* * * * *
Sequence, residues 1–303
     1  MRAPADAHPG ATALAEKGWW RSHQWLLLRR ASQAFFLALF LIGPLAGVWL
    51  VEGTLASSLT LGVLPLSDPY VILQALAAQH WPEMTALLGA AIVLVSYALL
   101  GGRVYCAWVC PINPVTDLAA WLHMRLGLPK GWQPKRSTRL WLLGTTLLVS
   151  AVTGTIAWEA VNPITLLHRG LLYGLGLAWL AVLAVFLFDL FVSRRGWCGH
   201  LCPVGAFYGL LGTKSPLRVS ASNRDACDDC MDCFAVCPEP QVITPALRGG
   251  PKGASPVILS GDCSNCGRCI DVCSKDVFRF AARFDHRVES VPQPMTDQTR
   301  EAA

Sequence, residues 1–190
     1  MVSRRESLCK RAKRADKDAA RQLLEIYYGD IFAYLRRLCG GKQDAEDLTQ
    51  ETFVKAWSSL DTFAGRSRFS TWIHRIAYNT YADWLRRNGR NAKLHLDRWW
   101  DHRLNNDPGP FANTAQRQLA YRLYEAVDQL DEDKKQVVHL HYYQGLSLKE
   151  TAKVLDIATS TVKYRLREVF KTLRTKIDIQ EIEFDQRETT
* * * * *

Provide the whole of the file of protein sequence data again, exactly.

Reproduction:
Sequence, residues 1–303
     1  MRAPADAHPG ATALAEKGWW RSHQWLLLRR ASQAFFLALF LIGPLAGVWL
    51  VEGTLASSLT LGVLPLSDPY VILQALAAQH WPEMTALLGA AIVLVSYALL
   101  GGRVYCAWVC PINPVTDLAA WLHMRLGLPK GWQPKRSTRL WLLGTTLLVS
   151  AVTGTIAWEA VNPITLLHRG LLYGLGLAWL AVLAVFLFDL FVSRRGWCGH
   201  LCPVGAFYGL LGTKSPLRVS ASNRDACDDC MDCFAVCPEP QVITPALRGG
   251  PKGASPVILS GDCSNCGRCI DVCSKDVFRF AARFDHRVES VPQPMTDQTR
   301  EAA

Sequence, residues 1–190
     1  MVSRRESLCK RAKRADKDAA RQLLEIYYGD IFAYLRRLCG GKQDAEDLTQ
    51  ETFVKAWSSL DTFAGRSRFS TWIHRIAYNT YADWLRRNGR NAKLHLDRWW
   101  DHRLNNDPGP FANTAQRQLA YRLYEAVDQL DEDKKQVVHL HYYQGLSLKE
   151  TAKVLDIATS TVKYRLREVF KTLRTKIDIQ EIEFDQRETT